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How to deal with high-risk pregnancy

Session presentations
  • Risk stratification in congenital heart disease Presented by F Walker (London, GB)See the slides
  • Risk stratification of patients with pulmonary hypertension. Presented by R Condliffe (Sheffield, GB)See the slides
  • Management of pulmonary arterial hypertension. Presented by M Gomberg-Maitland (Chicago, US)See the slides
  • Severe aortic stenosis. Presented by P Tornos Mas (Barcelona, ES)See the slides
Valvular, Myocardial, Pericardial, Pulmonary, Congenital Heart Disease
Pulmonary Hypertension

Based on the British confidential enquiries into the causes of maternal mortality, Dr Fiona Walker pointed out that cardiac disease is the single most prevalent cause of mortality during pregnancy.
To counsel women with known heart disease, three steps should be completed.
First, one has to review all the available data of the woman, including her clinical charts with history, co-morbidity, surgical reports and obstetric history and all information about all the available data in the literature on the specific diagnosis should be checked.
The second step is to evaluate the current clinical situation of the woman by assessing her ventricular function, exercise capacity, medication use etc by extensive pre-pregnancy testing including ECG, echocardiography, exercise testing and, if indicated, MRI or other imaging modalities.
Finally, you have to plan how and where this patient will be followed and checked during pregnancy and delivery. The CARPREG and ZAHARA risk scores were discussed as being informative, but Dr Walker stressed that common sense and experience of the doctor are also very important.
When answering a question from the audience about a woman with a bicuspid aortic valve without stenosis or regurgitation but with aortic dilatation, it was discussed that such a patient should not be counselled against pregnancy as long as the diameter of the ascending aorta is below 50mm.

The next two presentations focused on risk stratification and management of pregnancy in the case of pulmonary hypertension.
Both Dr Condiffe and Dr Gomberg showed very nicely that although mortality has declined over time, mortality is still as high as 36% in recent years, making pulmonary hypertension an extreme high risk and an absolute contraindication for pregnancy, as was also stressed in the different guidelines. In the year 1979, a first report of 70 Eisenmenger patients showed a mortality rate of 52%. When a woman is advised not to become pregnant, advice about contraceptives should be provided. Oral contraceptives carry the risk of thrombosis, while drugs with only progesterone have an interaction with warfarin and bosentan. Although tubal ligation is the method of choice, this solution can only be applied after careful counselling of the woman and her partner.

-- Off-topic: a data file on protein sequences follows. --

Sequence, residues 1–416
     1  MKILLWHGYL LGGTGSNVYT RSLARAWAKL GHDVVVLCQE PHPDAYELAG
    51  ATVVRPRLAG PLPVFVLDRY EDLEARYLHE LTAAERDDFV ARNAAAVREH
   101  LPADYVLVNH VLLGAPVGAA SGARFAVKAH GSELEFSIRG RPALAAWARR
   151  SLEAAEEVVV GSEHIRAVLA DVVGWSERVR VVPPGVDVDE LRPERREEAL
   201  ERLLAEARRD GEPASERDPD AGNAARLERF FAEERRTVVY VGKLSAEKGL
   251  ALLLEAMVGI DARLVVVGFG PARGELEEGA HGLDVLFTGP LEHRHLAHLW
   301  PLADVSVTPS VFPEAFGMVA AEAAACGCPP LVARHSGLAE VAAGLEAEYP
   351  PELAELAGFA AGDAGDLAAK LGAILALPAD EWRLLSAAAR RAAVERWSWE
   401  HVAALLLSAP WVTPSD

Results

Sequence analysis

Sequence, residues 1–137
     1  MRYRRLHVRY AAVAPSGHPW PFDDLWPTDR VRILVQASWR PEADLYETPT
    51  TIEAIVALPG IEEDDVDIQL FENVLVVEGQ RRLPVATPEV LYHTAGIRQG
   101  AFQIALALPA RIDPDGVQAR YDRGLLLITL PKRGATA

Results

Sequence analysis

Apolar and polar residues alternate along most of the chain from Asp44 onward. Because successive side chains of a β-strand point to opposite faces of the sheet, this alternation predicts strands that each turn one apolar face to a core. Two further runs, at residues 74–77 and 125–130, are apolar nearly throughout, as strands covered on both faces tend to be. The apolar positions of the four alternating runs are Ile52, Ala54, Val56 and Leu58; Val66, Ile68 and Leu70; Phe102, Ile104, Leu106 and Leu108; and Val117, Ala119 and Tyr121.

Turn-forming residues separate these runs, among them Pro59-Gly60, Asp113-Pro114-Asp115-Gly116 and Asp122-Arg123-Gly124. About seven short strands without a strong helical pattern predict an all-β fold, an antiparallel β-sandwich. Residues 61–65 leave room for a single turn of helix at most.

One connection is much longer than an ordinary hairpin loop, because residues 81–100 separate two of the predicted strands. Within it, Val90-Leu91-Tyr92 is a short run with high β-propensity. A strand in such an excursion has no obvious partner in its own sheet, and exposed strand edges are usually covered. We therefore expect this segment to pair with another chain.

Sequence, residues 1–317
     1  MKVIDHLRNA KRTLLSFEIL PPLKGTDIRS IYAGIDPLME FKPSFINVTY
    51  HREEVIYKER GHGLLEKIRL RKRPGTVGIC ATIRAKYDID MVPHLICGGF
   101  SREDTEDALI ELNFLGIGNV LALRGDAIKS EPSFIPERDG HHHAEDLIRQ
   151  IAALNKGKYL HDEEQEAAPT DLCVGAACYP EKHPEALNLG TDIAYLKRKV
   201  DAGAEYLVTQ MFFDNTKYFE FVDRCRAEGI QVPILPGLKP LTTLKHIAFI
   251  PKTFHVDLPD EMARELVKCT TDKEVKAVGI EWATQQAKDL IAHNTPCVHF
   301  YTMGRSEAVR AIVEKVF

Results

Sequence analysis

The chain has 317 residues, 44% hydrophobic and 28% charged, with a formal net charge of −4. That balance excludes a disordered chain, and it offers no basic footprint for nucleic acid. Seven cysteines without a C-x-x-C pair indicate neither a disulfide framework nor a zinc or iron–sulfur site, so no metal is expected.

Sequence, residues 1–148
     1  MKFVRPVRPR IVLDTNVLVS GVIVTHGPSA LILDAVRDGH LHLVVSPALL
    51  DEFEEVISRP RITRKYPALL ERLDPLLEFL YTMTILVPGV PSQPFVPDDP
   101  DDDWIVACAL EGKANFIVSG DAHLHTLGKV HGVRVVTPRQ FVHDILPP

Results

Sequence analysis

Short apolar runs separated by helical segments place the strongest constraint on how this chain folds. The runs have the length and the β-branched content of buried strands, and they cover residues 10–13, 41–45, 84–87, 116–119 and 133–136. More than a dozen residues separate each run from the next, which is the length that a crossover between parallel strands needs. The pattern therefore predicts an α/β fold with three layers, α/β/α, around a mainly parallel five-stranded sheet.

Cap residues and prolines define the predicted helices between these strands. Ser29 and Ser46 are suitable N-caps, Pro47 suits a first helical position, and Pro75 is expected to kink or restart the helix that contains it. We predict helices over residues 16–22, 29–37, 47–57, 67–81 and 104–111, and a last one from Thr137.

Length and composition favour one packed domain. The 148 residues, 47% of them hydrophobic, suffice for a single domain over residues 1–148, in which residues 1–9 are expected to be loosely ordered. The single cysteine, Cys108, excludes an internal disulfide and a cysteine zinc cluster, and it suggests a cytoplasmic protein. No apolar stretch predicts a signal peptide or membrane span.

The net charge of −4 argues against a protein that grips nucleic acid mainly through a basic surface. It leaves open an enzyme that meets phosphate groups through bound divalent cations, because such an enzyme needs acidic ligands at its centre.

It is crucial that when a woman does become pregnant, guidance by expert cardiologists is organised. When deterioration occurs early in pregnancy, the outcome is clearly worse. During pregnancy, meticulous attention should be paid to heart rate and tachycardia is an early sign of hemodynamic deterioration. AV synchrony is crucial and therefore atrial fibrillation should be treated immediately. The use of low molecular weight heparins was advised for the duration of pregnancy, and many other drugs may be useful (diuretics, inotropes) but should be used with caution to prevent tachycardia. Specific drugs for pulmonary hypertension may be needed after careful information to the patient about possible side effects and effect on the fetus. Delivery under general anaesthesia seems to carry a higher risk than regional anaesthesia. In particular, the period directly after delivery is a high risk period and careful evaluation and management of fluid status and hemodynamics is mandatory.
In a recent report on pregnancy in patients with pulmonary hypertension it appeared that women who were on anticoagulants and also women taking calcium antagonists had better outcome, so maybe the women who respond well to calcium antagonists are a selected group of women with lower risk during pregnancy. Another study suggested that a good 6-minute-walk test predicted a better outcome. However, there is no safe patient.
The fourth presentation dealt with a woman with severe aortic stenosis. Dr Tornos Mas clearly explained that this is a rare condition during pregnancy but carries high risks, especially when the woman develops complaints. Predictors for bad outcome are calcification of the valve, more severe stenosis or an abnormal exercise test before pregnancy, including a low exercise capacity or abnormal blood pressure rise during exercise.
In all patients with mild to moderate stenosis, however, the risks are low and pregnancy should not be discouraged. Probably also women with severe stenosis but with a normal exercise test are allowed to proceed with pregnancy after having explained the risks, and only symptomatic patients should be counselled against pregnancy or have surgery first. If the patient develops symptoms during pregnancy and balloon valvotomy is discussed, one has to keep in mind that the risks of ballooning aortic valve stenosis are higher than ballooning mitral valve stenosis. When surgery is performed, a biological valve is advised.
After some very interesting questions from the active audience, this session was closed.




How to deal with high-risk pregnancy

The content of this article reflects the personal opinion of the author/s and is not necessarily the official position of the European Society of Cardiology.